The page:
April 11, 2007 - It's turtle mania! Everyone and their estranged uncle have been going nuts over the latest onslaught of Teenage Mutant Ninja Turtle material, from the blockbuster movie to its accompanying game. Despite mixed critical acclaim, the movie has done impressively well and the game continues to sell across various platforms. It was somewhat unusual that Nintendo chose not to release this 1989 NES Turtles title to coincide with the movie's debut, especially considering it was released for the virtual console in Europe and Australia two weeks ago. Stranger still, the North American release is 600 points -- 100 points more than the aforementioned continents -- and 100 points more than the standard (until now) pricing of NES games for the Virtual Console. Is it a cash-grab or a licensing issue with Konami? Pricing speculation aside, the original incarnation of our favourite mutant heroes' adventure, despite its nostalgic saturation, is deeply flawed and excessively unforgiving.
I have fond memories of taking control of the four teenage heroes and their quest to rescue April O'Neil and Splinter from the evil clutches of Shredder. Any of the four turtles can be swapped into the action at any given time -- a great feature that lets the player take advantage of each turtle's unique (yet unequal) weapon ability in the heat of battle. Unfortunately, most of the game is unbalanced, from the controls and characters, to enemy and level design.
Players traverse five stages, travelling across a top-down map and entering warehouses, sewers, and other locales in an effort to reach the end of each level. Other than the occasional appearance by Beebop and Rocksteady, the game is entirely void of recognizable and relevant characters from the show. Konami conjured up completely arbitrary enemies including evil butterflies, fire-consumed creatures, fire-breathing Darth Vader-esque baddies, and chainsaw-wielding maniacs. To make matters worse, these out-of-place foes respawn, disappear and reappear at random. You may have just endured an intense skirmish with 9 enemies to reach a health-recharging pizza, only to have 5 of them reappear on your way back out of area. This makes the risk-reward system of actually pursuing power-ups and health irrelevant -- and the actual quest far more difficult than necessary.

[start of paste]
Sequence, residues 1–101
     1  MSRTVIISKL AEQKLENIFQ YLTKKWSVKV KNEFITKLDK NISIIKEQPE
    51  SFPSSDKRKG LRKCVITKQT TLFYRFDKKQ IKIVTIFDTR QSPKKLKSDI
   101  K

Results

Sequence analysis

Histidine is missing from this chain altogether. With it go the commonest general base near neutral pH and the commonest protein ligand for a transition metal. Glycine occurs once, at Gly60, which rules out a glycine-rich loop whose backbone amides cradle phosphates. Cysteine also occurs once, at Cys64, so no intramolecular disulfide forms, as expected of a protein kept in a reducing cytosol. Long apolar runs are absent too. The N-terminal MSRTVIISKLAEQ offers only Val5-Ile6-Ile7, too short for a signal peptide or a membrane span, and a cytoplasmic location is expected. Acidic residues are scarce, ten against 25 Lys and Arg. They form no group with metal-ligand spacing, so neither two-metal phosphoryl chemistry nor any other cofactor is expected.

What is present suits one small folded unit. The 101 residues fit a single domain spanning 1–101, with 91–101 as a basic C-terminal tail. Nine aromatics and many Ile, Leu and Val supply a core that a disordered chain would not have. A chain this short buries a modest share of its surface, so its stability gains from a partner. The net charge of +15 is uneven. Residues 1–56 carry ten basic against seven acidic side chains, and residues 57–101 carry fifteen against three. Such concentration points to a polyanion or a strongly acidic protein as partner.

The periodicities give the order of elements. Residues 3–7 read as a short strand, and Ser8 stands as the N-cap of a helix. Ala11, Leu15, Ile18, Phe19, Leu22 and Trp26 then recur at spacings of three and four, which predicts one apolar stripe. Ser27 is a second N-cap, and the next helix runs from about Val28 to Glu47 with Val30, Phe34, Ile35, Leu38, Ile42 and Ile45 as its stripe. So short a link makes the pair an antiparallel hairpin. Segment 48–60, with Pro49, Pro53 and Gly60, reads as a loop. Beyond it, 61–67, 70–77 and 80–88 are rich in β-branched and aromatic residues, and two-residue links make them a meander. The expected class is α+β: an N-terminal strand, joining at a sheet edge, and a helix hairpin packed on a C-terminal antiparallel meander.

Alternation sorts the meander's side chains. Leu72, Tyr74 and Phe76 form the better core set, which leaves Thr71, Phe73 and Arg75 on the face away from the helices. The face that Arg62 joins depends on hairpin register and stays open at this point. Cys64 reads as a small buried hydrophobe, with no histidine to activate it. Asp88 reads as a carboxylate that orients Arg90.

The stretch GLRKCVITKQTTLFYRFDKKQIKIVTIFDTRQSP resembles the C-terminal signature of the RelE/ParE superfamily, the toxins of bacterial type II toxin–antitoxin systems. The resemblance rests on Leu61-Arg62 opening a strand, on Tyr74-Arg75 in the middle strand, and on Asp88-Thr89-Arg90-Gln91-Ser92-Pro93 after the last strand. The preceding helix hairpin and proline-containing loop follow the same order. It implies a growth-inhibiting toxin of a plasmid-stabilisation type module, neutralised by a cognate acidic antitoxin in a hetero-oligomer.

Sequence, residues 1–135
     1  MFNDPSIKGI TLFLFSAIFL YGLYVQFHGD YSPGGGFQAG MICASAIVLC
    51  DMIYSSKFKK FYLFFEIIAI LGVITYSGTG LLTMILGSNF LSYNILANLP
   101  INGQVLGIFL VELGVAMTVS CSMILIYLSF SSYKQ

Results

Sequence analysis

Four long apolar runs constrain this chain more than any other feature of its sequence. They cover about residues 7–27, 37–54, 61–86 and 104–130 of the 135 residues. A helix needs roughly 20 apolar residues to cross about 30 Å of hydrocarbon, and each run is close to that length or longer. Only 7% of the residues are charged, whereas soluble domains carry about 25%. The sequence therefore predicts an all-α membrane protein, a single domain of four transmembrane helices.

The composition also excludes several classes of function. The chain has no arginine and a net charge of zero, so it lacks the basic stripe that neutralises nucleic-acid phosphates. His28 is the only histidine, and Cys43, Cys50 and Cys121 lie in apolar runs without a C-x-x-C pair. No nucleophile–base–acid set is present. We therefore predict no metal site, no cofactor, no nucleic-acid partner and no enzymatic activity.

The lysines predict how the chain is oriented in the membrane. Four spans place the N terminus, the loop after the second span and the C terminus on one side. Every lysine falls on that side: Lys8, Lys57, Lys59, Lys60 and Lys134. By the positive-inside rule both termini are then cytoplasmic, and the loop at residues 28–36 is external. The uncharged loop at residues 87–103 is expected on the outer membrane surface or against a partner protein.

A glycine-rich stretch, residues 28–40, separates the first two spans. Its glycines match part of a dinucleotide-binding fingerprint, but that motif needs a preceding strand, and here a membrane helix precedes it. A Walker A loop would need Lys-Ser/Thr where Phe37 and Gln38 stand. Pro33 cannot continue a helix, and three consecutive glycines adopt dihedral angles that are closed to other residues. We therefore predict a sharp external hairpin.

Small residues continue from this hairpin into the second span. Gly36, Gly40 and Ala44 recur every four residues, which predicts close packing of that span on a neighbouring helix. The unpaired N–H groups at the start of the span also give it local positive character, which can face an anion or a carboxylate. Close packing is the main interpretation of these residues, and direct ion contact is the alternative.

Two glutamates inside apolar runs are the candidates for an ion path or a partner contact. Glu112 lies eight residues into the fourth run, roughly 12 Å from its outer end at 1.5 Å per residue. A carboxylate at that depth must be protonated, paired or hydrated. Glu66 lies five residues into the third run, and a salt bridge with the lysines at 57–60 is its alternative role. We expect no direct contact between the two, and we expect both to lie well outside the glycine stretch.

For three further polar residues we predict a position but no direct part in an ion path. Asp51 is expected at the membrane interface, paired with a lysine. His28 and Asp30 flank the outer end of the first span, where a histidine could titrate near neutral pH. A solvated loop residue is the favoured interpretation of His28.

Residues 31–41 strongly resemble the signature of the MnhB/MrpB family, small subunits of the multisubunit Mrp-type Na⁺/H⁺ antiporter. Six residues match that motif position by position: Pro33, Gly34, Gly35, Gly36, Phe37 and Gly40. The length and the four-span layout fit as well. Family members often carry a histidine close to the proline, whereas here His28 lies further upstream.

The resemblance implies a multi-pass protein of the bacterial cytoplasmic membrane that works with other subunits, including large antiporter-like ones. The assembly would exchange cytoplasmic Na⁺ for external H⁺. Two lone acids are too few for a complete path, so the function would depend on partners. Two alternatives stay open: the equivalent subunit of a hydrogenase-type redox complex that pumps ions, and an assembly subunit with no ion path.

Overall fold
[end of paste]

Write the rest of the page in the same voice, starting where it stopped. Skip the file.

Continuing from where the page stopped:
Leonardo's Katana blade and Donatello's Bo are the only truly effective weapons in the game, and more often than not, you will find yourself exploring the map with Michelangelo and Raphael simply because they are more dispensable. Their respective weapons, the nunchukus and Sais have cripplingly short range. While under certain circumstances their attack power increases (Michelangelo when his health is low and Raphael against certain enemies), the incredibly poor hit detection renders these characters virtually ineffective. Further, jumping and navigating small ledges is grossly inaccurate; there is a difference between a game that is challenging and one that is rife with gameplay and design flaws.
There is also an abundance of graphical glitches and slowdown that further hampers the enjoyment factor. To make matters worse, the game's score is devoid of any recognizable TMNT tunes, including the main theme. This is a travesty, to say the least. The sound effects are all right, but by no means make up for the lack of TMNT inspired sounds and music.
I probably sound like a turtle-hater. I actually really enjoyed this game as a kid and even made it to the end (which is quite the feat), but upon revisiting the game over a decade later it becomes increasingly apparent that the game is inherently flawed and simply doesn't stand the test of time. Fun is a very subjective concept, and there is doubtless nostalgic presence that will suck fans into downloading this title. However, the game's arcade version (also released in 1989) and sequels were far better, making this particular title difficult to recommend. Add to the mix a seemingly arbitrary price increase of 100 Wii points, this download will likely be relegated to the libraries of only the most hardcore fans.
IGN Ratings for Teenage Mutant Ninja Turtles (Virtual Console) (Wii)
Rating Description out of 10 click here for ratings guide
Sure it has the TMNT name and characters, but other than that, it just feels like a half-assed attempt at capitalizing on the show's hysteria at the time.
Slowdown, stiff animations, and graphical glitches abound, the game is tough on the eyes.
Mediocre sound effects, a brutally irritating "low health alarm" and an annoying soundtrack make the mute button on your TV remote indispensable. No TMNT theme either?!
Poor controls, unbalanced characters, uninspired enemies (with their respective placement) and questionable level design make this game more frustrating than fun.
5.0 Lasting Appeal
If you were a fan back when it debuted, then you may find some solace in downloading it now. However, with far better sequels on NES, your interest won’t hold long.
5.5 Mediocre OVERALL
(out of 10 / not an average)
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Thanks to IGN.com for sharing the news with us!